New Wave camera car (2CV), “Adieu Philippine,” René Mathelin at camera. Photo by Raymond Cauchetier.

It is that once the studios discovered the huge box office grosses to be mined from scientific marketing, there was no looking back. Whatever meager justification anyone may need to brand “adult dramas” as largely passé, he can find a slick validation in the often disappointing returns of many such dramas this past year. To no one’s surprise, a handful of tent-pole movies in 2009 were largely responsible for the highest grosses in the industry’s history.


We need look no deeper than the current brouhaha over Avatar to read the future, and the crystal ball does not seem, in the long run, to be made of acetate with perforations. You cannot imagine how painful it is for me to write this. I fear that motion picture film may survive ultimately for the diehards of my generation, and for emerging artist/visionaries who understand that film and video are essentially two different mediums, each with its unique qualities. In this sense I feel that the argument I made in a February 18, 2001 article in the New York Times is still relevant:

The New York Times article link

This is not to say that motion picture film, especially as an acquisition medium, will disappear proportionate to the increase of d-cinema screens—but its swansong does seem to be inevitable.

Pro.Sony.com Digital Cinema link

Even Kodak corporate knows this and seems to be preparing for it. Is there any reason not to think that, like the Technicolor 3-strip system, film manufacturing itself will be sold off to China or India? But this whole game of guesswork is fraught with numerous traps. Many critics declared “wall painting” to be dead 30 years ago? A glance at Sotheby’s contemporary auction sales will disabuse you of that canard.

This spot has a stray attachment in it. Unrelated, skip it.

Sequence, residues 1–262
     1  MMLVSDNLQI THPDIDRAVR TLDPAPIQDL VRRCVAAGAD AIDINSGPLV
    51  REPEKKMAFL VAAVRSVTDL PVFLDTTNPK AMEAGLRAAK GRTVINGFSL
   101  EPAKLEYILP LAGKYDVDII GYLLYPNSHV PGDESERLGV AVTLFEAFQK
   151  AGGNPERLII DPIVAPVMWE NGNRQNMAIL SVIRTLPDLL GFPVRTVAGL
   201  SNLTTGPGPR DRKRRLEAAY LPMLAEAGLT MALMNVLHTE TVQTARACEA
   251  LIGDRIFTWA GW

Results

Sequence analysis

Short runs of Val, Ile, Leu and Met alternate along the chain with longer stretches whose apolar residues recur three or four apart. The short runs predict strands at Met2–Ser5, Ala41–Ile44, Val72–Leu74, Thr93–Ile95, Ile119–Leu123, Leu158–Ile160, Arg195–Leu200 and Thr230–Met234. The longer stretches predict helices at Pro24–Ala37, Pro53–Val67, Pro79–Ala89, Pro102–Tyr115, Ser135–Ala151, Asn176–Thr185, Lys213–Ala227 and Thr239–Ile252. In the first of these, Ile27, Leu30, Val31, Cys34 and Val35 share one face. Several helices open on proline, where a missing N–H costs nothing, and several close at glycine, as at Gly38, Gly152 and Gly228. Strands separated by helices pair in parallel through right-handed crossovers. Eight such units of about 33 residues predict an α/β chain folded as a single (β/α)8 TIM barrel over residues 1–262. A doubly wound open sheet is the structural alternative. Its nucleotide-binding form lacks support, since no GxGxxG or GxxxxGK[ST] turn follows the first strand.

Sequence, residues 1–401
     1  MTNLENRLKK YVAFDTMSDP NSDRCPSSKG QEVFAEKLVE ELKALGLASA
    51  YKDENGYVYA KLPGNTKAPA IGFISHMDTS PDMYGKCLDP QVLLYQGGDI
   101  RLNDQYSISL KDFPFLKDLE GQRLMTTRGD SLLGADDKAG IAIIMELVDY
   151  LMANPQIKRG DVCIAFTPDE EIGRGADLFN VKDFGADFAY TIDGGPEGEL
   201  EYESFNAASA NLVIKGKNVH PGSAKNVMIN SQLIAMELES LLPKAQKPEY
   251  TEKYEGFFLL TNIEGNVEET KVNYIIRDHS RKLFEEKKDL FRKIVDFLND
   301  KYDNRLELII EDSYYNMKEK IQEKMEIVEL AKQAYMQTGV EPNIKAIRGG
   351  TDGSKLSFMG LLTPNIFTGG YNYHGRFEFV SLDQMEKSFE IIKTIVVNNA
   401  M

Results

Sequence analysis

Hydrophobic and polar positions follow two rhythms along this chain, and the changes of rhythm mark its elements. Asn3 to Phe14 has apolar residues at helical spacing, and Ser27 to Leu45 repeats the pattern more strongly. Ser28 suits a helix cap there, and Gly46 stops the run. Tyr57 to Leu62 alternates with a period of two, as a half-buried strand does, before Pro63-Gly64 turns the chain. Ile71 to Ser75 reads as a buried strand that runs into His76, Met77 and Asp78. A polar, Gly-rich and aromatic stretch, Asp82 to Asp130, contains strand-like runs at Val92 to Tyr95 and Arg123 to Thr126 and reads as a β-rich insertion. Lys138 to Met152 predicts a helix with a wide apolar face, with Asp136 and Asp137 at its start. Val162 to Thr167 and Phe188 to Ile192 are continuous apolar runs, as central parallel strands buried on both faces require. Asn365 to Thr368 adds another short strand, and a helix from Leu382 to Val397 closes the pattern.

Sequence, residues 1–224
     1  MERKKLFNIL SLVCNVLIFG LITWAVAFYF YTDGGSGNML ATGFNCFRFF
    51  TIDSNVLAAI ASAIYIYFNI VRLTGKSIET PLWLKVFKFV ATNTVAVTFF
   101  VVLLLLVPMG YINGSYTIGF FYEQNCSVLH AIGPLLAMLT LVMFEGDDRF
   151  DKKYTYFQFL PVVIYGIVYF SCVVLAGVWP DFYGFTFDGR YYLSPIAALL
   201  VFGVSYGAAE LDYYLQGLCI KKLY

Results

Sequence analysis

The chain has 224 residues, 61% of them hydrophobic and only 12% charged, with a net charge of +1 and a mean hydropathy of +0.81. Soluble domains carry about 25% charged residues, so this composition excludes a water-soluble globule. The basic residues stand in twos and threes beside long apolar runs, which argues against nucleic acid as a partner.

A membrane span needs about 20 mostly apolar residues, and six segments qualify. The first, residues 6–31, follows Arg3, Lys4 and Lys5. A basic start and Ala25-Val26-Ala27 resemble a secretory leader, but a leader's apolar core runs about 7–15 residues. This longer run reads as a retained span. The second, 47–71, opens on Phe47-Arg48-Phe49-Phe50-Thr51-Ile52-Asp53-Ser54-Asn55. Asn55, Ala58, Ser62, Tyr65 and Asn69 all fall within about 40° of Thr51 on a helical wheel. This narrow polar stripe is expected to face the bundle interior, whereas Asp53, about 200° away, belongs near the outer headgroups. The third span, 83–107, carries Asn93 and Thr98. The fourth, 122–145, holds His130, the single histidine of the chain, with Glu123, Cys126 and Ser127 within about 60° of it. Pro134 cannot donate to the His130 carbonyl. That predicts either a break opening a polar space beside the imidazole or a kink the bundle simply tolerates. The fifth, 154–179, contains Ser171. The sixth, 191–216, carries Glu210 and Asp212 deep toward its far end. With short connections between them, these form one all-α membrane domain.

However, in a narrower sense we are in a period of evolution that is unprecedented in motion pictures. Ever since the Lumière Brothers photographed a train arrival and workers exiting their factory, movies have been photographed on film.

The number of such human scale movies made on film, especially those for television, is now shrinking. And there does seem to be a concomitant goal on the part of certain producers and studios to consign film print to the dustbin. Does anyone remember a photo from the Sunday New York Times about 10 years ago that showed gleeful studio executives holding metal film cans of release print (obviously empty, as they held them up to their shoulders with one hand) over a trash bin. The accompanying story trumpeted the imminent demise of film prints and the triumph of d-cinema. But, darn it, film print is still hanging on. Last October, Technicolor introduced  its own 3-D film print process, projected with a proprietary lens system (over/under where the film frame splits). I have been told it is a retooled process from the 80s. And late last year Oculus 3D presented an alternate system that uses an algorithm that sets the images side by side and resolves them with an OculR device. I have not seen a demonstration of either system; but the intention is to bring 3-D to the huge number of cinemas that are not able or willing to invest in a digital 3-D projection system.

Even James Cameron’s desire to have Avatar released exclusively in 3-D digital projection faltered. After a prognosis of imminent death ten years ago, film prints are still made by the thousands for theatrical release, and d-cinema’s golden horizon is still only looming. So we have, at least for the short run, (and certainly for years longer in the developing world) motion pictures released in both media.


If the current stampede toward greater 3-D production and exhibition proves to be successful, we do have a certifiable “game-changer.” The new 3-D system is possible only with digital capture and projection. I am old enough to have seen at least a few of the 3-D movies made on 35mm film in the early 50s. I remember, of course, Arch Obler's Bwana Devil and  House of Wax, directed by the monocular Andre de Toth.